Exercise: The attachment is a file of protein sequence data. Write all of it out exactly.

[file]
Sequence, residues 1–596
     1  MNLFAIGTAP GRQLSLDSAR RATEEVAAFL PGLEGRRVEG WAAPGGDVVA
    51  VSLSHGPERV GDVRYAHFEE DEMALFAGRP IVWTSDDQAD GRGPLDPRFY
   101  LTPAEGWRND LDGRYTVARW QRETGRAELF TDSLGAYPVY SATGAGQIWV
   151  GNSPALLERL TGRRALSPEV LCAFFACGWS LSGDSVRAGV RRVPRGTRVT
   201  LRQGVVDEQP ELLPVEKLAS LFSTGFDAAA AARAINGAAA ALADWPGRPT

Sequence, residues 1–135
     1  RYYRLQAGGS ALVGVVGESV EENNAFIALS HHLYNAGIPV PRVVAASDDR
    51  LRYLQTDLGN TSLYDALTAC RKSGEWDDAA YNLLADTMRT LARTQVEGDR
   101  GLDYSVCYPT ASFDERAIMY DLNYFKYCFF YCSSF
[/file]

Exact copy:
Sequence, residues 1–596
     1  MNLFAIGTAP GRQLSLDSAR RATEEVAAFL PGLEGRRVEG WAAPGGDVVA
    51  VSLSHGPERV GDVRYAHFEE DEMALFAGRP IVWTSDDQAD GRGPLDPRFY
   101  LTPAEGWRND LDGRYTVARW QRETGRAELF TDSLGAYPVY SATGAGQIWV
   151  GNSPALLERL TGRRALSPEV LCAFFACGWS LSGDSVRAGV RRVPRGTRVT
   201  LRQGVVDEQP ELLPVEKLAS LFSTGFDAAA AARAINGAAA ALADWPGRPT

Sequence, residues 1–135
     1  RYYRLQAGGS ALVGVVGESV EENNAFIALS HHLYNAGIPV PRVVAASDDR
    51  LRYLQTDLGN TSLYDALTAC RKSGEWDDAA YNLLADTMRT LARTQVEGDR
   101  GLDYSVCYPT ASFDERAIMY DLNYFKYCFF YCSSF